Wednesday, August 13, 2008

Knowing and Being Known

“Now Samuel did not yet know the Lord, neither was the word of the Lord yet revealed to him.” (1 Samuel 3:7)

        “When did you come to know the Lord,” I asked a young man several years ago, at a Bible conference. He replied by facetiously telling me that when he was a 2-year old toddler, he repented of his sins and called on the name of the Lord. His stab at a humorous argument against the doctrine of freewill only showed his refusal to acknowledge one plain teaching of the Bible, simply because he was not able in his own mind to reconcile it with another, equally as plain. I should have answered, “I didn’t ask when the Lord came to know you; I asked when you came to know Him.”

        Young Samuel, who was an answer to his mother, Hannah’s, prayers, and was dedicated to God before he was even born, was certainly known by God. Yet we are told in this verse in the first book of Samuel, he “did not yet know the Lord.” He may have had godly parents, and he may have been living in the house of God, but when he first heard the voice of God, he did not recognize it (vv.4-5). The significant word here may be the little adverb “yet.” Samuel did not know God at this time in his life, but he was going to.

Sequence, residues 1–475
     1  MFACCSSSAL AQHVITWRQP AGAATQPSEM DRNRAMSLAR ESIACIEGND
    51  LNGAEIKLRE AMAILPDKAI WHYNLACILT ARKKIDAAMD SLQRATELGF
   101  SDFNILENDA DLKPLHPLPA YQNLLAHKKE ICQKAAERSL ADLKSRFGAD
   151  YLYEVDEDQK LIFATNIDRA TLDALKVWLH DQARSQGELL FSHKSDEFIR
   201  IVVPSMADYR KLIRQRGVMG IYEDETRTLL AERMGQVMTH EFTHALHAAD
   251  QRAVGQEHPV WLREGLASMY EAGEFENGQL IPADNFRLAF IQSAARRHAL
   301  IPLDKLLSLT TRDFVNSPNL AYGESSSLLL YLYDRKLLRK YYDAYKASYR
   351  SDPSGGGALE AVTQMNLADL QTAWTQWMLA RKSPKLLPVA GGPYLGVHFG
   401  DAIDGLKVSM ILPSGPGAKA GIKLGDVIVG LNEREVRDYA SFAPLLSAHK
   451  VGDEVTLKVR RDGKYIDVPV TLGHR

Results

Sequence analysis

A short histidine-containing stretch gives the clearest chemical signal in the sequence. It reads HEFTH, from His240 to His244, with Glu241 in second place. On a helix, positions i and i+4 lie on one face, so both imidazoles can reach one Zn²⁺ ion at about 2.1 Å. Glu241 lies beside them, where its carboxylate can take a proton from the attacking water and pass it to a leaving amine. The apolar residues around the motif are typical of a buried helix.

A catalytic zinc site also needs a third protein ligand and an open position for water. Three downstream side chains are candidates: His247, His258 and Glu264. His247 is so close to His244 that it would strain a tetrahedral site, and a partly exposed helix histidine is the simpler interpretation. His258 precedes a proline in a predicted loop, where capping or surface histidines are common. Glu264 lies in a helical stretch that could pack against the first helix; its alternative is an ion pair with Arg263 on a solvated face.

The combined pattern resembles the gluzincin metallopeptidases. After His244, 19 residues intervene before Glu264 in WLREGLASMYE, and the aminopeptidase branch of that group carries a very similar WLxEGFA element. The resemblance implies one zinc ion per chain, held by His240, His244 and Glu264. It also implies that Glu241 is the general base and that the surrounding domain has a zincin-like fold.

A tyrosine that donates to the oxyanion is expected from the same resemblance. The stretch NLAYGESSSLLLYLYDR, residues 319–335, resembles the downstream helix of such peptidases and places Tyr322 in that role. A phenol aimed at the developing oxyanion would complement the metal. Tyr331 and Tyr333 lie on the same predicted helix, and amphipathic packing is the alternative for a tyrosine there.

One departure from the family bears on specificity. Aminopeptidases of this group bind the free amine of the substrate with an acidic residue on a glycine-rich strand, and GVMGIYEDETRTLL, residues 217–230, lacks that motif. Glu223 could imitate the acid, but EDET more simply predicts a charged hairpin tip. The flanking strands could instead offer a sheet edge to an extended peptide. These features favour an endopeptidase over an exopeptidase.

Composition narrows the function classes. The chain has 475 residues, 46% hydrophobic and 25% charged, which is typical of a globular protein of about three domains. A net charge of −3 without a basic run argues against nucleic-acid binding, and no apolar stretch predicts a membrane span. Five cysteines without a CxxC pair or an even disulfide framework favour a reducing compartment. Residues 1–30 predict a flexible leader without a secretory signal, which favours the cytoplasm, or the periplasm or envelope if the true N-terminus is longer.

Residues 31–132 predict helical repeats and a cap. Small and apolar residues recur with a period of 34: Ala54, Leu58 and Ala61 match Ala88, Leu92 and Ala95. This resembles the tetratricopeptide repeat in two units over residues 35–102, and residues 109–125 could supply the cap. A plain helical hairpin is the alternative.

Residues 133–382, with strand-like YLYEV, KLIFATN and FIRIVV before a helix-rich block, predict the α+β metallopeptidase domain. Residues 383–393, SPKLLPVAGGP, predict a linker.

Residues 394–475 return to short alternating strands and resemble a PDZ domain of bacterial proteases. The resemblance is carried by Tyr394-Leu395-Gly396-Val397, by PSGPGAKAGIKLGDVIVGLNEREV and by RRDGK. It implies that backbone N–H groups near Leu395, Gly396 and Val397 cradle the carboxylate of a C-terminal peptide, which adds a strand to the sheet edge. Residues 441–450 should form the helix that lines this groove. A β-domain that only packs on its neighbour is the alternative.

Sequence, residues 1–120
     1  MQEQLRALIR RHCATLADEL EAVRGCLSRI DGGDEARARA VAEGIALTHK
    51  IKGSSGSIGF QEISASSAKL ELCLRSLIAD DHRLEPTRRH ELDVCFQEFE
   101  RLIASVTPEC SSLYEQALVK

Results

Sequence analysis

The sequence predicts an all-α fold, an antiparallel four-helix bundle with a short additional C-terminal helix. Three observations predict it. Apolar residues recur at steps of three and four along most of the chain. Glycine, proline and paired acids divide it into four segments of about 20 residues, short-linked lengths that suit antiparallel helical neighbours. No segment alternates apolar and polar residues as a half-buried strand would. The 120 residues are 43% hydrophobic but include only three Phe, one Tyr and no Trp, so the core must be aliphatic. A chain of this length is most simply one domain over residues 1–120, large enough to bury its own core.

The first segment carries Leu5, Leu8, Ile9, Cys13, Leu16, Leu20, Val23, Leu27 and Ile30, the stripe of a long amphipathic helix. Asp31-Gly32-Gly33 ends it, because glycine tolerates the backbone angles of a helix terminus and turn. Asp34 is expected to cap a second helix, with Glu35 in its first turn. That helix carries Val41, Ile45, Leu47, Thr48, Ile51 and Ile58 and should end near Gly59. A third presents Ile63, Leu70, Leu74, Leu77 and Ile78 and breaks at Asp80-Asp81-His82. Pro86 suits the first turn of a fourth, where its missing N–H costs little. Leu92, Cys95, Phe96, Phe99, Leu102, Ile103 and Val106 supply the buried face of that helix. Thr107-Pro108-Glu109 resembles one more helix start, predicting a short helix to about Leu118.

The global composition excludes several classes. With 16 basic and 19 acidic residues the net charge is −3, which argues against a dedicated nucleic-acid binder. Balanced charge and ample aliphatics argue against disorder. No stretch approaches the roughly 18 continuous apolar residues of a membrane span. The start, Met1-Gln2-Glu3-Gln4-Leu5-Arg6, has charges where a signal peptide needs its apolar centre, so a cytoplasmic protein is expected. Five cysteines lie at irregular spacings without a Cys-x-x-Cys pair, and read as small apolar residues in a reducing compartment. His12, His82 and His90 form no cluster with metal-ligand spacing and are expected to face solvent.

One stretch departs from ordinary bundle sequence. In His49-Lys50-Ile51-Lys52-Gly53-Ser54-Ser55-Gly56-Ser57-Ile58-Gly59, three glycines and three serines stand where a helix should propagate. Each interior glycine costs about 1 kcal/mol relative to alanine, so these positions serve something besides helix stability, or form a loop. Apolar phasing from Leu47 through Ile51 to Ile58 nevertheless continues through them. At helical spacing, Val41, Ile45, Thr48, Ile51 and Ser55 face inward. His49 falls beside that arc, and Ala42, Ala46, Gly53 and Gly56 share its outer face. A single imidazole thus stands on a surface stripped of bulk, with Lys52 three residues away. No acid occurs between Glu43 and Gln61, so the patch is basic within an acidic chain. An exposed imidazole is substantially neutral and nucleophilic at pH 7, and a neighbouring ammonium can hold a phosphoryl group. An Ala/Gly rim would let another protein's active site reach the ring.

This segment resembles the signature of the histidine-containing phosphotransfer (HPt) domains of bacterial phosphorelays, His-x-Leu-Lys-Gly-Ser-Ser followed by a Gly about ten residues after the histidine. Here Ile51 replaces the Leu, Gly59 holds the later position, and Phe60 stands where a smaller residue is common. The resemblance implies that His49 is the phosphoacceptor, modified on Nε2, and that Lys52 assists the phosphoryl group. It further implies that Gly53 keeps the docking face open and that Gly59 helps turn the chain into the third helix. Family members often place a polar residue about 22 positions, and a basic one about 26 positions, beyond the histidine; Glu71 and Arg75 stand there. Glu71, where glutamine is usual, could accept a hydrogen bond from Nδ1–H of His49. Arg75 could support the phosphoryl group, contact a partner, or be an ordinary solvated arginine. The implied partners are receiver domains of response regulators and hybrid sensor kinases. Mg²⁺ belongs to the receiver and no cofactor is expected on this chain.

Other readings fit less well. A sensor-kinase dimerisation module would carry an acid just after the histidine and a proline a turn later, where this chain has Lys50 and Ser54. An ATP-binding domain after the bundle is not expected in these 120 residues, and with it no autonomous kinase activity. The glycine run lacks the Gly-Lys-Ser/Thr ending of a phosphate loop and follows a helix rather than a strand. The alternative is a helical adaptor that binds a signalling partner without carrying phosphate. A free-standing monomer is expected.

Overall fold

I learn from this that children, no matter how godly their Christian parents may be, and no matter how biblical their upbringing may have been, are still called upon to recognize their alienation from God because of sin, and acknowledge Him and their Lord and Savior. And the fact that parents have every right (and duty) to pray for, and even claim, the salvation of their children (Acts 16:31) does nothing to diminish this principle. The two ideas may seem contradictory to you and me, but in the revelation of God through His Word, they were spoken in the same breath.

        For the first nine years of my life (and even before—Eph.1:4), God knew me; and in the years since then, I have also known Him. God knew exactly what he was getting into when He chose me. I, on the other hand, had no conception of the great Treasure I was acquiring as a young child. Nor do I yet fully comprehend it. I only know that when I hear His voice, my grateful heart cries out, “Speak; for thy servant heareth.” 

No comments:

Post a Comment